Here you can see all the solar panels and how much they're producing each right now.
So it's always like what's the most important thing today.
We want to create energy.
When do we want to go fast?
An engineer on board is tasked with monitoring that energy.
The crew often asked to ask him whether they can run the dishwasher or even have a hot meal.
So if you were to make yourself a coffee or toast, you see that the numbers skyrocket, follow that before goes down.
So also gives us a very good understanding of how much energy we using Every single day.
I was personally very aware of my water consumption before coming on this boat, but not really my energy consumption.
And it's quite amazing how much energy uses to make a coffee or have a warm meal.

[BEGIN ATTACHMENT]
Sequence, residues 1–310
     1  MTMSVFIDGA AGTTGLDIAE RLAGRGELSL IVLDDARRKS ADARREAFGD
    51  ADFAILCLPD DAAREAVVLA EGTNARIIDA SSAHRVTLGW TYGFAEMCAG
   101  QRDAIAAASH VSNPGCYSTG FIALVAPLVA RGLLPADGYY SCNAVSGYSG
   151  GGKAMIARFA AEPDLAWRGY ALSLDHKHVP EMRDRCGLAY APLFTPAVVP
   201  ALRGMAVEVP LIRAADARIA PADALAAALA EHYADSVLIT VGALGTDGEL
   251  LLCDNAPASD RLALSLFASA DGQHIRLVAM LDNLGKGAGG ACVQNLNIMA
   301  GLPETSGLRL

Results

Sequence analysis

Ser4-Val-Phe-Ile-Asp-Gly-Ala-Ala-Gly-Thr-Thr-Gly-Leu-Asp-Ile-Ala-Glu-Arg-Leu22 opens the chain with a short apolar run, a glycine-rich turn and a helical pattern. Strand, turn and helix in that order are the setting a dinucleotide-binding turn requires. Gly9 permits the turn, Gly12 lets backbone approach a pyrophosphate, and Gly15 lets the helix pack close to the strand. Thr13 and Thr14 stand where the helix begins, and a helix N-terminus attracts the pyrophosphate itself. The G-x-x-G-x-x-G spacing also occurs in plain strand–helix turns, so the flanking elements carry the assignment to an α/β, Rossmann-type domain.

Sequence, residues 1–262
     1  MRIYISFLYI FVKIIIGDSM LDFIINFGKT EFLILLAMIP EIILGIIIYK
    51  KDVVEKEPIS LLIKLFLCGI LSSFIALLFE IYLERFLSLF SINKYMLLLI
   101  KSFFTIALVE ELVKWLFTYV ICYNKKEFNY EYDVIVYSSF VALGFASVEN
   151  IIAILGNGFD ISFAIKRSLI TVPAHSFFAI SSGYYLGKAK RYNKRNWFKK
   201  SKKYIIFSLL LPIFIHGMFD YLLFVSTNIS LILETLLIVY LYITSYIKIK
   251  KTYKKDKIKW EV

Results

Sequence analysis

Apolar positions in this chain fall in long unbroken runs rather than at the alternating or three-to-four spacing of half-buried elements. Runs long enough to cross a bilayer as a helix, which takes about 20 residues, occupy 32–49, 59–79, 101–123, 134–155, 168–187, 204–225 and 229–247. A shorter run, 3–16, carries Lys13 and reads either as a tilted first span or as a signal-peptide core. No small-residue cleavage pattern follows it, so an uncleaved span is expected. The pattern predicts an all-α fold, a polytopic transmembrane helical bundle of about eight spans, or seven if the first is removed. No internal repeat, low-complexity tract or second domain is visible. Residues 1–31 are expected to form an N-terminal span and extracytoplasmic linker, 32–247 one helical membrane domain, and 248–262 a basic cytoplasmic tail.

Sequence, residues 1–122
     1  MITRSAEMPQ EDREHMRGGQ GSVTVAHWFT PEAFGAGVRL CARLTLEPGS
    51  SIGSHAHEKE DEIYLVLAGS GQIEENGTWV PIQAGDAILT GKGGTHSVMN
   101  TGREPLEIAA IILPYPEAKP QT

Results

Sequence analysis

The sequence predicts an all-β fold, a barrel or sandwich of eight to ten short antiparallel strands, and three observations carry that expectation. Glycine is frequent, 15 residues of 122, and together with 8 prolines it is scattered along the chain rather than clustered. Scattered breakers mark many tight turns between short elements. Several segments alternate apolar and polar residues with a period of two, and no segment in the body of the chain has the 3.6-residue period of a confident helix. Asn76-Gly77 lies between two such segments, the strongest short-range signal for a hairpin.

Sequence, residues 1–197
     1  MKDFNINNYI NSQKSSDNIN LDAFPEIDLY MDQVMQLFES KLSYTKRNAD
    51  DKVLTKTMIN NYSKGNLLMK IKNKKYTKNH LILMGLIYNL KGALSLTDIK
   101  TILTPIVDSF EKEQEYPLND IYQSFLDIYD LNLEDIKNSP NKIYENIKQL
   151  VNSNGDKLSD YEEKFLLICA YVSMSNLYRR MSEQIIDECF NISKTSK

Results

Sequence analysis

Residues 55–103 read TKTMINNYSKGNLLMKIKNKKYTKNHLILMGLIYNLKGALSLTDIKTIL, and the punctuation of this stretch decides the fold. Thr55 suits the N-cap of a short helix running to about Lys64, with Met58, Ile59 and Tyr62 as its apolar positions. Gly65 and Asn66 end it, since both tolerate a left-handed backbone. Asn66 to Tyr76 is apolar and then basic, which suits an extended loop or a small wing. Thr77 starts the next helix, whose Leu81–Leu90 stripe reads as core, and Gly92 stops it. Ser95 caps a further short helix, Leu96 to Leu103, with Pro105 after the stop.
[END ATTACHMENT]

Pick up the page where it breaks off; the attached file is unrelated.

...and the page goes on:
So far the crew says the ship is doing exactly what it set out, to do prove that these renewable technologies have viable real world uses.
On its four year journey the energy absorber functioned perfectly in climates as hot has 130 degrees farenheit.
As well as in frigid temperatures near the North Pole.
And the technology handled it very well.
[LAUGH] Not so well.
So next up the energy absorber sets sail for Hawaii from San Francisco bay.
And then beyond that, it's on to Japan for the Olympics.
Now after that, they told me they don't really have a set schedule, but they're hoping to be back in Europe by 2024.
So what do you think of the tech on this ship?
Where else do you think [UNKNOWN] Can be applied to what other industries?
Let us know in the comments below.
As always, thank you so much for watching.
I'll see you next time.